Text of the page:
Federal Reserve Hikes Funds Rate to 22-Year High

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Federal Reserve
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For the 11th time in a year and a half, the Federal Reserve voted on July 26 to raise its target range for the federal funds rate.

The increase of 25 basis points (0.25 of a percentage point) is as small as these hikes get. But it makes the target range — now 5.25% to 5.5% — the highest it’s been since 2001.

Why the change?

The goal of the July 26 rate hike is the same as for the prior 10 hikes: Bring down inflation.

The Federal Reserve, which is the nation’s central bank, is aiming for inflation to hover around 2% in the long run. Currently, the annual inflation rate is 3% — down from a high of 9.1% in June 2022 but still above the Fed’s goal.

As the Fed said in a statement about its latest decision:

“The Committee is strongly committed to returning inflation to its 2 percent objective.”

What does it mean?

The federal funds rate is the rate that banks charge other banks for short-term loans.

When it’s rising, financial institutions tend to charge more interest on many types of loans and pay more interest on customers’ savings.

So a rising federal funds rate is bad news for folks with most types of debt because it means borrowing money will only become more expensive in the months ahead. (We get into the nitty-gritty of this in “6 Things That Are Getting More Expensive Amid Fed Rate Hikes.”)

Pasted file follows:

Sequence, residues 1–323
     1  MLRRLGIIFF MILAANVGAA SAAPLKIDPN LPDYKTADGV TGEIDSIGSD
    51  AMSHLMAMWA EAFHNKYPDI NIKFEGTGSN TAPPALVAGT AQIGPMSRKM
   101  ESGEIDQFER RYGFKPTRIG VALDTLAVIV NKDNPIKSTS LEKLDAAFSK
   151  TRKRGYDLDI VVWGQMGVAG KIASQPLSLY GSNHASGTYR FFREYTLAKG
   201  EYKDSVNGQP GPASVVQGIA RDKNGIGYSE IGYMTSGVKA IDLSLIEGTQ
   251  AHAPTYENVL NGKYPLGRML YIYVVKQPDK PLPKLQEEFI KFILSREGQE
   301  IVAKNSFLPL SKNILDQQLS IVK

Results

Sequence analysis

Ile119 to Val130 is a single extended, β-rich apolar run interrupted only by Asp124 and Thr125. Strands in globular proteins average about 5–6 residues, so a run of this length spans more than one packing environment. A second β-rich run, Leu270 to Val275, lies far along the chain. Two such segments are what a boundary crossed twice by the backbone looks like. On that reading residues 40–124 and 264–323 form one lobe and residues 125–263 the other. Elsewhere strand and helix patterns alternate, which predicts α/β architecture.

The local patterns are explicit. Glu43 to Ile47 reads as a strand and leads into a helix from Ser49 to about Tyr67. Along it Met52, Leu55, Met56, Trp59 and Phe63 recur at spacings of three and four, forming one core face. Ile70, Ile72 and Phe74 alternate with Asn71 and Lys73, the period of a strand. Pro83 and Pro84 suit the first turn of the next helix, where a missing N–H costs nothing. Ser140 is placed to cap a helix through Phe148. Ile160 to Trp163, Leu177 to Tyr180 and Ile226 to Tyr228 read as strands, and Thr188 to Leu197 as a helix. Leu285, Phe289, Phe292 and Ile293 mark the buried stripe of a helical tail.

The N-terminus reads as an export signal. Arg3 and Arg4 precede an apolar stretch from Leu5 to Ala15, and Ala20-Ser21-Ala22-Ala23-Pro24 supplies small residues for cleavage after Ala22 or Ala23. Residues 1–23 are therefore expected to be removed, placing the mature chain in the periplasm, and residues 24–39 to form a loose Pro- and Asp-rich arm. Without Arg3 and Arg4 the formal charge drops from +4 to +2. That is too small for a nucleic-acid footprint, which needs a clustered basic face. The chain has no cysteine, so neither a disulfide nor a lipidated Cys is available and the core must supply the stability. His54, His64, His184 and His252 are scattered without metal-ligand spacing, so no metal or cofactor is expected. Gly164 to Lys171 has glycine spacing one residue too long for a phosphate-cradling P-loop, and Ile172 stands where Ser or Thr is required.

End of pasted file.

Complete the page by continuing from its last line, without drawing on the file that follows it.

Remember, the Fed’s goal is to lower inflation, which it does by slowing economic activity. And when borrowing money is more expensive, consumers tend to do less borrowing and thus less buying. That in turn tends to slow economic growth and lower demand — conditions that are conducive to easing inflation.

But a rising federal funds rate is good news for folks with savings because it means bank rates are likely to continue inching up in the months ahead.

Already the national average rate on savings accounts jumped seven-fold, from 0.06% in January 2022 to 0.42% as of July 2023 — although you can easily earn 10 times that much or more at the most competitive banks.

Even the return on interest checking accounts edged up from 0.03% to 0.07% during that period.

So, if you haven’t shopped around lately to make sure you’re getting the highest return possible at the bank, now is a good time to take a look at what other institutions are offering.

Or, for a higher return than you are likely to find on savings accounts, look into money market mutual funds — which are Money Talks News founder Stacy Johnson’s favorite place to stash cash that isn’t invested in stocks.

As he has written of money market mutual funds:

“They’re low-risk, pay whatever short-term rates allow and keep cash readily available.”

What happens next?

The next meeting of the Federal Reserve committee that controls the target range for the federal funds rate, known as the Federal Open Market Committee (FOMC), is Sept. 19-20. That means Sept. 20 is the next opportunity for the committee to vote to change the target range.

That doesn’t necessarily mean they will raise it again in September, though. Chair Jerome Powell has suggested the committee soon may end its current streak of rate hikes.

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